Curiosity is looking into how and when habitable conditions on Mars that were once present evolved into drier conditions less favourable for life on the planet.

Curiosity Project scientist Ashwin Vasavada said the team was “thrilled” to undertake the expedition, describing the landscape as “a bit of American desert Southwest on Mars”.

The striking rock formations captured by the rover’s Mast Camera, are the remnants of ancient sandstone which were formed when winds deposited sand on the lower regions of the mountain.

Mr Vasavada said: “Studying these buttes up close has given us a better understanding of ancient sand dunes that formed and were buried, chemically changed by groundwater, exhumed and eroded to form the landscape that we see today.”

Since the images were taken, the rover has left the buttes and is set to continue its journey higher up Mount Sharp.

The Curiosity team plan to create several mosaics from the images, with NASA saying they compare to photos taken in American national parks.

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NASA spacecraft beams back incredible images of Jupiter

This Aug. 27, 2016 infrared image provided by NASA shows the southern aurora of Jupiter, captured by NASA's Juno spacecraft.

This Aug. 27, 2016 infrared image provided by NASA shows the southern aurora of Jupiter, captured by NASA’s Juno spacecraft.(NASA/JPL-Caltech/SwRI/MSSS via AP)

A NASA spacecraft has captured the best views of Jupiter yet, revealing turbulent storms in the north pole.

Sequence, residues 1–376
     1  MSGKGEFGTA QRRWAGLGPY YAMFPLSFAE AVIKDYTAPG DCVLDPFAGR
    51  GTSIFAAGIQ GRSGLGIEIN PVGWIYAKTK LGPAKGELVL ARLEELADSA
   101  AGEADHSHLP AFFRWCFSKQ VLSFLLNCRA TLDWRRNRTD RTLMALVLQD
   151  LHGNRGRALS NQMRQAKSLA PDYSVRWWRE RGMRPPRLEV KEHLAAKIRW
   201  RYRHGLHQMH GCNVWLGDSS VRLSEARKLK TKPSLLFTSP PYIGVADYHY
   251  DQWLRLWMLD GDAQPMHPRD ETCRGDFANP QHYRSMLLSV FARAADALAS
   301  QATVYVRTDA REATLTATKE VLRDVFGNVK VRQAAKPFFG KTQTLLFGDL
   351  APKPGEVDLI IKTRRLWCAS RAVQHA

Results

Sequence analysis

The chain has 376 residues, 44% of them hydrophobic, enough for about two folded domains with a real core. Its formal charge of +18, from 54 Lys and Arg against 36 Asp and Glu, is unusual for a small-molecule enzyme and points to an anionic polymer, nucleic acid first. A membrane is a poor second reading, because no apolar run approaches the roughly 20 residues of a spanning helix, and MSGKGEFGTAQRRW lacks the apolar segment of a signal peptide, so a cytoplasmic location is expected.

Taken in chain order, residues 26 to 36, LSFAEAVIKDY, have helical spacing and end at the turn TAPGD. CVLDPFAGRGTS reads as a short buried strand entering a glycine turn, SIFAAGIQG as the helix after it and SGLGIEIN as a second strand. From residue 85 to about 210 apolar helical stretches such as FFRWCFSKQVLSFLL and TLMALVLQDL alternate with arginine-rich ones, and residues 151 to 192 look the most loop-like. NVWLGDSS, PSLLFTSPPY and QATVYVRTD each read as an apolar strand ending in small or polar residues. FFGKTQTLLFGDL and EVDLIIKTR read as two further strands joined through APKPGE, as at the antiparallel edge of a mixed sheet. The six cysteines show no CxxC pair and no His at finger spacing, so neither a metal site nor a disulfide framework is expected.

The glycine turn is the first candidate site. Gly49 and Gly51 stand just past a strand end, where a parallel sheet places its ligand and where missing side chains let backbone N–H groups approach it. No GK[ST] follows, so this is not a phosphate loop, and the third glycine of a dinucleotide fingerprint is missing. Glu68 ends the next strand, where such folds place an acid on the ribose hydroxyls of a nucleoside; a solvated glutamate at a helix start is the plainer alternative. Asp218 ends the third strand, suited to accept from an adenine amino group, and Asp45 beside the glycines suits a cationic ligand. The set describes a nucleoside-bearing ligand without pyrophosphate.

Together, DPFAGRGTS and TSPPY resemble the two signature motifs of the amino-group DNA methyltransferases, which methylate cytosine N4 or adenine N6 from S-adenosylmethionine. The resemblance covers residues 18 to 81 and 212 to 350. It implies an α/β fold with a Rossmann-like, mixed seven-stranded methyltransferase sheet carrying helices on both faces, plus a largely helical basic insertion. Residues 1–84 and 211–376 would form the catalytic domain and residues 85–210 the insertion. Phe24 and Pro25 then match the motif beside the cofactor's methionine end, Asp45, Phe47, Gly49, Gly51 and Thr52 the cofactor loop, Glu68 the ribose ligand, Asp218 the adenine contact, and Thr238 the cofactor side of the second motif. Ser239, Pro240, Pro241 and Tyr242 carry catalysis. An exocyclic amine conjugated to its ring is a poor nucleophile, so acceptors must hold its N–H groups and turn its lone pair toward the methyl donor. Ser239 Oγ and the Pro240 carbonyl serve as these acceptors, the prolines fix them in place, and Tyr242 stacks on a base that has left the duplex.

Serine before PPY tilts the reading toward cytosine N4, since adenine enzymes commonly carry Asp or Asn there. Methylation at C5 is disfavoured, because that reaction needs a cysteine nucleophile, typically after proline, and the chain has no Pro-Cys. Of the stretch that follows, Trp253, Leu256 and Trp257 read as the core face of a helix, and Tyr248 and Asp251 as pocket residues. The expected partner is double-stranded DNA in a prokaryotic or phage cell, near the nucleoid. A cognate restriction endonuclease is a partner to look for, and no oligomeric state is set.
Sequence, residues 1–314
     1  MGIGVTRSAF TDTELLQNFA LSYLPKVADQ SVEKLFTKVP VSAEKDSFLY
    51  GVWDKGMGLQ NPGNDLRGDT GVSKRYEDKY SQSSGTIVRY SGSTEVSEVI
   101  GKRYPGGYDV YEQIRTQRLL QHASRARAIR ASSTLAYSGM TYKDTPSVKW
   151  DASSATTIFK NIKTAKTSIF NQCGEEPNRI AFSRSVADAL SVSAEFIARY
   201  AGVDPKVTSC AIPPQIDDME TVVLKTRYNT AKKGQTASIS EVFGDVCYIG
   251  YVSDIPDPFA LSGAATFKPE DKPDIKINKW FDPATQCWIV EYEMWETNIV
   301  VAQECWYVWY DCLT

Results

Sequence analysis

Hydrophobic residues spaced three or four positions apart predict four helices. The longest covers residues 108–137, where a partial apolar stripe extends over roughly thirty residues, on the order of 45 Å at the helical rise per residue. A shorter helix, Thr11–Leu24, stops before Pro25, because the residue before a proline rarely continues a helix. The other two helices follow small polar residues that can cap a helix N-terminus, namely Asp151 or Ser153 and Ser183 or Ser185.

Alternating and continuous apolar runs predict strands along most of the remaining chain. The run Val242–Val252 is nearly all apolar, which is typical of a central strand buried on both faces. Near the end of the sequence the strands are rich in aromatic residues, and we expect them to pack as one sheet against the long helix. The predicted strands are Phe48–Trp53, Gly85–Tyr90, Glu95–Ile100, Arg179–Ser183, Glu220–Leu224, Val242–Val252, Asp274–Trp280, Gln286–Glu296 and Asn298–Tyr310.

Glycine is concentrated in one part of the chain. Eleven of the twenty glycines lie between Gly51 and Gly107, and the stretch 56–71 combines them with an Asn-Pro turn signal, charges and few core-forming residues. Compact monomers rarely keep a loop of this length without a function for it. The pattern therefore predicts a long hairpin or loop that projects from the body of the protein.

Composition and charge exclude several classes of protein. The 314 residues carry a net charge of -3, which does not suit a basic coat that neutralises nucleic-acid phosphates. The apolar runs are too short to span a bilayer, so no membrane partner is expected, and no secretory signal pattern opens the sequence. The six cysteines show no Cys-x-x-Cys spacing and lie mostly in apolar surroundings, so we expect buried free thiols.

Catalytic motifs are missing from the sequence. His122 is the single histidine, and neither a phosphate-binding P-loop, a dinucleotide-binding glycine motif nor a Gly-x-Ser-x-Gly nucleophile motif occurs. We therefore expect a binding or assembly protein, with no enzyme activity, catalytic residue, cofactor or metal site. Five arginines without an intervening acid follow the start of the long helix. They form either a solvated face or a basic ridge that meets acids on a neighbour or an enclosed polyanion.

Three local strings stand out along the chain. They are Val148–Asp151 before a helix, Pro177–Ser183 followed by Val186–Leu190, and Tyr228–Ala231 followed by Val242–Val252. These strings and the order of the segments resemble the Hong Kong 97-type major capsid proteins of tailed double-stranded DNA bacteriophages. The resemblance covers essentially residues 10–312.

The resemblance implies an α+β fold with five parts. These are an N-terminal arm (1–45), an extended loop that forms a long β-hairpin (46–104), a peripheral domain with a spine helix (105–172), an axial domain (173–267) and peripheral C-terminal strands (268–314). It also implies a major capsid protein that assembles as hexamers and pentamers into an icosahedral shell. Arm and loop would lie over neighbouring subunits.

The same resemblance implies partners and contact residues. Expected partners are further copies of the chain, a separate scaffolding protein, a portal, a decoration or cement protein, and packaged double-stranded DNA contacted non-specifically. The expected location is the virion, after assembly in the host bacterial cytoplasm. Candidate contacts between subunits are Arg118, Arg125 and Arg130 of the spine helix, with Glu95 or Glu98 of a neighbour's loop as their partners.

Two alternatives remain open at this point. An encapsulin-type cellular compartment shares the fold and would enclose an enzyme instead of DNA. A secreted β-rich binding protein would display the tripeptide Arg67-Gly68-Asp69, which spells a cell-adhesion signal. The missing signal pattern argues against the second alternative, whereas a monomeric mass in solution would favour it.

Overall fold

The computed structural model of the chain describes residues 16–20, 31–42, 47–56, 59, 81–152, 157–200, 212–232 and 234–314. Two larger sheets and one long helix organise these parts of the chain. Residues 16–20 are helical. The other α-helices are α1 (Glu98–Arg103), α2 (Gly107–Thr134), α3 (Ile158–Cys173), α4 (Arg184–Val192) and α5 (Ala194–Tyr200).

Jupiter’s northern polar region is stormier than expected and appears bluer than the rest of the planet, said mission chief scientist Scott Bolton of the Southwest Research Institute in San Antonio.

“This image is hardly recognizable as Jupiter,” he said in a statement.

NASA on Friday released a batch of close-up pictures taken by the Juno spacecraft last week when it flew within 2,500 miles of Jupiter’s dense cloud tops.

During the rendezvous that took Juno from pole to pole, the solar-powered spacecraft turned on its camera and instruments to collect data.

The first glimpse of Jupiter’s poles came in 1974 when Pioneer 11 flew by on its way to Saturn.

The detailed pictures taken by Juno look “like nothing we have seen or imagined before,” Bolton said.

Juno also sent back unique views of Jupiter’s bright southern lights considered the most powerful in the solar system.

The flyby was the first of three dozen planned close passes during the 20-month mission.

Unlike rocky Earth and Mars, Jupiter is a gas giant that likely formed first, shortly after the sun. Studying the largest planet in the solar system may hold clues to understanding how Earth and the rest of the planets formed.